I'm not going to pretend I know what the Budget has in store, but I'm pretty certain it won't be giving much away. Most pundits are predicting that Darling will admit to the worst recession since the end of WW2 as well as various measures relating to housing, VAT and car scrappage.
They are probably right - not because these pundits are geniuses, but because they've been briefed beforehand about what to expect. I actually find this a bit sad - just about the only thing that made the budget interesting was the fact that nobody knew what was going to be announced. These days the whole thing is usually revealed piecemeal in the weeks leading up to the speech. Usually the Chancellor keeps one or two aces up his sleeve, but something tells me they may be in short supply this year.
What most pundits are suggesting is that Darling is set to announce plans to revitalise the economy by going down the "green route". To be honest, I'm not entirely sure what that means in detail - but I doubt that anybody else really has any idea either as it is very much unexplored territory. If the Budget were an old map then following the green route would lead to an area marked "Here be dragons".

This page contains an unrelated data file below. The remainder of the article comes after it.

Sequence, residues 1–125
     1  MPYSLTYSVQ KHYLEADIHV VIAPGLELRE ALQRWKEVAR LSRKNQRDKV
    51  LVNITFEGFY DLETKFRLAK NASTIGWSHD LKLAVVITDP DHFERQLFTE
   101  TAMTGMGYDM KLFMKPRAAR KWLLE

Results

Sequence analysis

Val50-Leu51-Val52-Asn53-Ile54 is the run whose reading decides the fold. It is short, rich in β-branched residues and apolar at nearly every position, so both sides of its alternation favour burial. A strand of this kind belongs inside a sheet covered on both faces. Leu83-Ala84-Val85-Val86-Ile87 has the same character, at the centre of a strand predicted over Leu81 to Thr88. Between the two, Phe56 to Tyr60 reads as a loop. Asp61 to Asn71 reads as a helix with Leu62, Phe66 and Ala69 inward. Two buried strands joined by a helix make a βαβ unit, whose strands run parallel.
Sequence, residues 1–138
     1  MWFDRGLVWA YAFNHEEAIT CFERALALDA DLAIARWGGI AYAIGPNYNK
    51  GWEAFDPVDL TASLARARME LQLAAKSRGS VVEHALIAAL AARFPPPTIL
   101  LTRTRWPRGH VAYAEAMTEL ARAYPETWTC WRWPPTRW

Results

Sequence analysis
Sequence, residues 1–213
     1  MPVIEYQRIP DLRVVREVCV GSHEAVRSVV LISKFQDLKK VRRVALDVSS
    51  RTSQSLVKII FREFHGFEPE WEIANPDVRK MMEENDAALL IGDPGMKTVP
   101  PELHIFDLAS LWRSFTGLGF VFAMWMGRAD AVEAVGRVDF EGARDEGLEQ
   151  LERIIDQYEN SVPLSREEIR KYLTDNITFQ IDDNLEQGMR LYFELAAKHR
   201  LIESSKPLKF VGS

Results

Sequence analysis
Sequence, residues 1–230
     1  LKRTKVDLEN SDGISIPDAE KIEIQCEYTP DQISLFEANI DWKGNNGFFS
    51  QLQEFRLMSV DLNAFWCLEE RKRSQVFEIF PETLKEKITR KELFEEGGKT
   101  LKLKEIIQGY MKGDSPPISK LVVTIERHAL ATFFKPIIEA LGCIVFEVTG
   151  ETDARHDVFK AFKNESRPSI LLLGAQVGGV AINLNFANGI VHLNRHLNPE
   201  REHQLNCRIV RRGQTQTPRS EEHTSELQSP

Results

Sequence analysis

What I am certain about is that the various news items over the last few days suggesting that there are signs of recovery are not coincidental. They've been carefully planned and leaked to distract from what is likely to be one of the most austere Budgets in living memory - one that will hit the average man in the street very hard in his pocket.
I'm not convinced by these signs of recovery. The Great Depression followed the same pattern - including a slight recovery shortly after the crash first struck in the late 1920's - but it was brief and insubstantial. Within a year it was clear that the fundamental problems were still there and that depression was all but guaranteed. I believe we'll see the same thing this time around - only it will hit Britain far harder than the Great Depression did.
All the talk about recovery in 2010 is just smoke and mirrors designed to hide the elephant in the room - massive corporate, government and personal debt. Don't be fooled by it. Debt is the symptom of prolonged economic depression - just as it is for any household. Debt is the symptom, the credit boom is the driver and globalisation is the cause.
Always has been - always will be.